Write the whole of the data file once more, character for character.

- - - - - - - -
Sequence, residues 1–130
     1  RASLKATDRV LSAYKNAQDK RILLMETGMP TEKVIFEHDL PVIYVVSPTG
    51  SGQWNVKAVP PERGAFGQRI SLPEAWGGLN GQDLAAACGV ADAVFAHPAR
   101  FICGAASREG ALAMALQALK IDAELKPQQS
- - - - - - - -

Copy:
Sequence, residues 1–130
     1  RASLKATDRV LSAYKNAQDK RILLMETGMP TEKVIFEHDL PVIYVVSPTG
    51  SGQWNVKAVP PERGAFGQRI SLPEAWGGLN GQDLAAACGV ADAVFAHPAR
   101  FICGAASREG ALAMALQALK IDAELKPQQS